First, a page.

C# 10.0 and .NET 6.0 will be released in November 2021. Time to look at the new language features with a little series of blog posts. Let's start in this blog post with a very simple feature that is called File Scoped Namespaces.(more…)
Configure Naming Styles and Rules in Visual Studio and also at the solution/project level with an .editorconfig fileThomas Claudius Huber
When it comes to naming fields in classes, there are three types of .NET developers (The truth is there are even more, but let's focus on the three that I see most often). :-)(more…)
If you have looked already at the Changes page of Team Explorer in Visual Studio 2019, you might have seen that it has a new Stashes section. It is shown in the screenshot below. But for what is that Stashes section?(more…)
When you write simple properties in C#, like auto properties or readonly properties that have an expression body, always put them on a single line if the code is short enough for a good one-line statement.(more…)
Visual Studio 2019 has many fantastic new features. Some of these features like the new start window make the use of Git in Visual Studio 2019 way easier than in the previous versions. Do you want to learn how to use Git in Visual Studio 2019?
Check out my new Pluralsight course
In my new Pluralsight course Using Git for Source Control in Visual Studio 2019, you will learn how to use Git in Visual Studio 2019 while working on a .NET application in the context of a small team.(more…)
Note: There's a MS Dev Show Episode where @ytechie, @carlschweitzer and I are talking about UWP and the Visual Studio Shell built as part of this post. You find it here on www.msdevshow.comUWP is the technology to build native applications for the Windows Platform. But there's still some stuff missing that is required by a typical line-of-business application for the classic desktop: TreeView, DataGrid, Validation, SqlClient and more. Some parts like a DataGrid are available as 3rd-party controls. Other parts like the TreeView are already in development, as you can see in the Windows Dev Platform Backlog. That backlog shows that Microsoft is working on a TreeView, which is awesome! And I'm pretty sure, at some point in the future we'll also get a DataGrid. This was the case for WPF and also for Silverlight. But let's see, the future will tell us and for today we've great 3rd-party DataGrids. But what else is required to build a classic desktop application? (more…)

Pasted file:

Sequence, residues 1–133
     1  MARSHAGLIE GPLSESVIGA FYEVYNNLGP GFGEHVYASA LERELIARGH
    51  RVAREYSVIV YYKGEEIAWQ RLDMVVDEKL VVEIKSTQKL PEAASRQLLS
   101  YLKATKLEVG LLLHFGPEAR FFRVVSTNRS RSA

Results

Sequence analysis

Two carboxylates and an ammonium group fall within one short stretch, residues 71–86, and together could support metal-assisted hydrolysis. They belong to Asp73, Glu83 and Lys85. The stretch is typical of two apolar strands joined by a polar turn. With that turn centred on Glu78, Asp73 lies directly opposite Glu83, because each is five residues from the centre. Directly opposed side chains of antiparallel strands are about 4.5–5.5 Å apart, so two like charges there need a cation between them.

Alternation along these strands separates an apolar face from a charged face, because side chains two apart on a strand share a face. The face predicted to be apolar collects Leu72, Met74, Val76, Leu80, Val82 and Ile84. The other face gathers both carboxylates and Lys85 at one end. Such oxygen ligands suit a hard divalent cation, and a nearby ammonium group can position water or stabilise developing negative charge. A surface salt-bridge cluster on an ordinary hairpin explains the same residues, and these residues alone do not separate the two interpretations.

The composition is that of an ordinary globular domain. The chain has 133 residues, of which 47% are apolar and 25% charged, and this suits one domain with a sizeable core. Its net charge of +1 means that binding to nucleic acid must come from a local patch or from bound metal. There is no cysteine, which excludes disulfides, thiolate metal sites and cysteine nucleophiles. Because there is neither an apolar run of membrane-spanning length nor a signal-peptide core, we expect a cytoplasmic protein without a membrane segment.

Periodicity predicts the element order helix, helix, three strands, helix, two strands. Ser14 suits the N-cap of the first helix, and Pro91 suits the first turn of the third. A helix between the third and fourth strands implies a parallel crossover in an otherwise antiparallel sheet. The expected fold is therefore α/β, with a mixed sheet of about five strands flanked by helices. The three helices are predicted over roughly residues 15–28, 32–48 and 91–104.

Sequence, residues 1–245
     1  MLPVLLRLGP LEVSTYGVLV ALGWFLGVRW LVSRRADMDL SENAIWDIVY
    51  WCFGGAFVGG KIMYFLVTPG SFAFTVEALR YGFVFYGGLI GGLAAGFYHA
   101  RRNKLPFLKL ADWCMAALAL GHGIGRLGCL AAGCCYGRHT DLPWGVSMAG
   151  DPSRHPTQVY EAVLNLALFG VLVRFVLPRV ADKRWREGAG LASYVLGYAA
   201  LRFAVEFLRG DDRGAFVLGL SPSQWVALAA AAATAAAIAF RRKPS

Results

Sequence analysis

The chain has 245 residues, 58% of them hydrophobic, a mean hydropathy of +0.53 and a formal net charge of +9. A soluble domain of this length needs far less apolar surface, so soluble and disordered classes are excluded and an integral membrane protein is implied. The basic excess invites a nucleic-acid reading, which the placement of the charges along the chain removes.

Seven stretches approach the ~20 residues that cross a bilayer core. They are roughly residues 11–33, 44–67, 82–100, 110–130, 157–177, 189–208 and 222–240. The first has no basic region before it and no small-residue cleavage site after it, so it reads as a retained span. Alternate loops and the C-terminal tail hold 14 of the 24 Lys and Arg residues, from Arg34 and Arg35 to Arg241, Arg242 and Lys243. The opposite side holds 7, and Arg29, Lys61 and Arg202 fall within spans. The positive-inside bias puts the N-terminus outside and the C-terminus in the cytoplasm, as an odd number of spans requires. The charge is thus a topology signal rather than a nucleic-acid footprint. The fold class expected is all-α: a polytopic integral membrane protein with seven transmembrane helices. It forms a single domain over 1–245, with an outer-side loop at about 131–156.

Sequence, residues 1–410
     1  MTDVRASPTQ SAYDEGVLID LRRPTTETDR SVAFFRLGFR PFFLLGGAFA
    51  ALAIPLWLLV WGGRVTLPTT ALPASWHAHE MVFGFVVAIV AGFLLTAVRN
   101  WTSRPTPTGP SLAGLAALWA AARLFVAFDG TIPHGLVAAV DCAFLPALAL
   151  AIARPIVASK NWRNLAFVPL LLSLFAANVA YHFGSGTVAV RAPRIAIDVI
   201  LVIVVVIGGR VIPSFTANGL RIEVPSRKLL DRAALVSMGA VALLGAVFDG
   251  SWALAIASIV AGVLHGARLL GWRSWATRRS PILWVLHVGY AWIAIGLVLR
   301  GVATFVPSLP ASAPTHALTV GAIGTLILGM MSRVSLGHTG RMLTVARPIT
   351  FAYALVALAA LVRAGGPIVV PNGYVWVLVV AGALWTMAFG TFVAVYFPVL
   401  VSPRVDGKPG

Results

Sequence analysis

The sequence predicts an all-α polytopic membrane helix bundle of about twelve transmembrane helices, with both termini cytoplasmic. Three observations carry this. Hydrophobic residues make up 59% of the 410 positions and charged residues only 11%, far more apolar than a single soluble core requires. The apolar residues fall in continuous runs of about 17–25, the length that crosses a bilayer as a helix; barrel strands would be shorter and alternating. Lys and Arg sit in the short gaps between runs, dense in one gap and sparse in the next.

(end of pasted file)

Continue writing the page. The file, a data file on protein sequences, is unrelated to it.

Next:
- Silverlight 4 Beta is not supported. Silverlight 4 will be supported with the next public drop of Silverlight 4, what means when the Silverlight 4 RC is available. A date for that hasn’t been specified yet by Microsoft.
- The available Preview Version for .NET 4.0 of Expression Blend doesn’t work with Visual Studio 2010 RC. It only works with Beta 2 of Visual Studio 2010. A new version will be available soon as the Expression Website says, but no one knows what "soon" means.